Invasive 'super ant' species taking hold in the UK
Asian 'super ant' attacking an aphid on a leaf
8 July 2016 by Mary Goodchild
An invasion of Asian 'super ants' is taking hold faster than ever in the UK, new research has found.
Three new infestations of an invasive garden ant - first discovered here in 2010 and known for building massive colonies of tens of thousands of insects - have been found in the UK this year alone. Researchers believe there are many more sites yet to be uncovered.
There are now a total of six known UK infestations of the Lasius neglectus which thrive in green houses and domestic gardens, and are likely to have arrived in the UK through the import of exotic plants.
The ants pose no threat to humans but alien species are capable of dramatically altering ecosystems and can drive native species to extinction. It is estimated that invasive species cost the UK £1·7 billion every year through damage and management costs.
But Dr Elva Robinson at the University of York believes the true cost of the new species' impact on biodiversity could be much higher. Since 2014, Robinson has been working alongside PhD student Phillip Buckham-Bonnett to establish the extent of the invasion in the UK.
Her work has formed the basis of a Rapid Risk Assessment submitted to the government's Animal & Plant Health Agency in June. It shows an increase in the rate of new 'super ant' discoveries, offering recommendations for management on a national scale and could inform decision-making on UK biosecurity.
Ant attacking scale bug
The Lasius neglectus appeared twenty years ago in Turkey and has since spread across the continent. It was first discovered in the UK at a National Trust property in Gloucestershire, where an infestation of around 35,000 was exposed in the Hidcote Manor gardens. Five years later - and 100 miles east - the ants were discovered in a London home and another site was identified in Cambridgeshire. This year, the ants have been discovered in Yorkshire and two sites on the south coast. Robinson has found no obvious connection between the sites.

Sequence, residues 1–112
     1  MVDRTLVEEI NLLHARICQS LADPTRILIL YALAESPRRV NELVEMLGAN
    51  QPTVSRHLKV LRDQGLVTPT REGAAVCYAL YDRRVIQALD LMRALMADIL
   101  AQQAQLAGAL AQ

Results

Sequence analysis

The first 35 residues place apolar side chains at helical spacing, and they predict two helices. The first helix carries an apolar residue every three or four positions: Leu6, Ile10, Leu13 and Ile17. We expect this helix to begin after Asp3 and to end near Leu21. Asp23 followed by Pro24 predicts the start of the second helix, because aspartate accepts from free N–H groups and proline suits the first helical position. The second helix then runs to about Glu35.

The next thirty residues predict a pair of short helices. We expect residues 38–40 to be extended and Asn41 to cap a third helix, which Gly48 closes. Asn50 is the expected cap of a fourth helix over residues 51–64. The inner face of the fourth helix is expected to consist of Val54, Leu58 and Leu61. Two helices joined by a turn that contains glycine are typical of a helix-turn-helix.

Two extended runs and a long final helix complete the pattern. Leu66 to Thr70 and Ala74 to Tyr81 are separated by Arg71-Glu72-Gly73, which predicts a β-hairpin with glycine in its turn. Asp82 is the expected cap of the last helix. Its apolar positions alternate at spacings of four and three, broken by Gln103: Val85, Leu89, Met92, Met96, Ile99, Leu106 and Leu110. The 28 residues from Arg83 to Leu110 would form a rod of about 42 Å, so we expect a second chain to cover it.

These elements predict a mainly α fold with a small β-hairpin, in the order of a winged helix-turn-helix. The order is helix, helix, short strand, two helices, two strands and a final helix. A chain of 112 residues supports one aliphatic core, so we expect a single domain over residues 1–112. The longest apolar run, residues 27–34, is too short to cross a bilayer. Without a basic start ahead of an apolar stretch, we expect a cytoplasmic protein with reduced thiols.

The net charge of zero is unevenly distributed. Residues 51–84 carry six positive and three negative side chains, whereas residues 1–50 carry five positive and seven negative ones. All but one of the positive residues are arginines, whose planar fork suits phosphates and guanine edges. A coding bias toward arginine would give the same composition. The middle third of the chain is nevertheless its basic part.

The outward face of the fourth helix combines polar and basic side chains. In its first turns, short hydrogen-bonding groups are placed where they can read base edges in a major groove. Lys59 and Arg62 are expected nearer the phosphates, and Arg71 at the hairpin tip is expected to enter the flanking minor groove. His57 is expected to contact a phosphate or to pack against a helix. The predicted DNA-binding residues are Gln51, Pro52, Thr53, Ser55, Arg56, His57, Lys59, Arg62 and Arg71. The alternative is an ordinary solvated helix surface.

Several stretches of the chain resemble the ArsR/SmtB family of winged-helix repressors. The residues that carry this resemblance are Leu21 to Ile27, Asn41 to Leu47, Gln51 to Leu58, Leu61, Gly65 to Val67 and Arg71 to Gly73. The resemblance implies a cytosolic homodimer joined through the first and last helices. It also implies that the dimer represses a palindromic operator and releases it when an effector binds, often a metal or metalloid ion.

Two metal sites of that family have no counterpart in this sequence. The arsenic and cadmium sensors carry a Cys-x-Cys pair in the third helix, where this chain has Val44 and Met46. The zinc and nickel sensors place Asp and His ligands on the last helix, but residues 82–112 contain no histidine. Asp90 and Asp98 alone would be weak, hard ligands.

Despite its name, the ant is in fact smaller than the common native UK variety. It is known as 'super' and not because of its size or aggression but because it builds 'super' colonies with many queens and interconnected nests which can stretch for miles.
Robinson says this trait allows the alien species to out-compete native ants commonly found in UK gardens. Native ants form new colonies when a queen vacates the nest and starts her own, competing for food and space with the old colony. By living in extended colonies in large numbers, the super ant is able to out-compete for aphids and space.
She said: "We think the invasive ants have the potential to have a big impact on the native ecosystem. In the sites we have studied, it is clear they are excluding the native ants. They are clearly dominating, and where they cluster native species are being pushed out. So far, they have been discovered in gardens and glass houses, but we don't yet know whether these ants will be able to thrive outside areas of human habitation."
She said it was unlikely, for example, that the invasive garden ant could out-compete the UK wood ant, but gaining a strong understanding its new place in the native habitat will help manage the situation. Her team is on the look-out for new sites in likely areas and is able to verify new sites as reported by pest control, but she says the garden ants can be difficult for members of the public to identify.
"Apart from being slightly smaller, the invasive garden ant looks a lot like our common native garden ant so they can be difficult to recognise," she said. "These new ants are not aggressive, they do not sting and they pose no harm to humans beyond people finding it unpleasant to have an infestation."
Ant fight club
At existing sites, gardeners are taking precautions to minimize the likelihood of furthering the infestation, with the National Trust at Hidcote actively supporting Dr Robinson's research and putting measures in place to minimize chance of further spread.
The ants have previously been described as 'fire ants' due to an apparent attraction to electricity, but Robinson suggested this threat may have been overstated, adding: "They do seem to be very good in getting into outdoor electrics - there was a colony in France that got into the controls for an outdoor electric gate and kept opening it up!"
The research is being a carried out thanks to funding from NERC and Hymettus, which undertakes research and provides advice on the conservation of bees, wasps, ants and other invertebrates in the British Isles.
Robinson has asked anyone who thinks they may have an infestation of the invasive garden ant to get in touch with Phillip Buckham-Bonnett at firstname.lastname@example.org.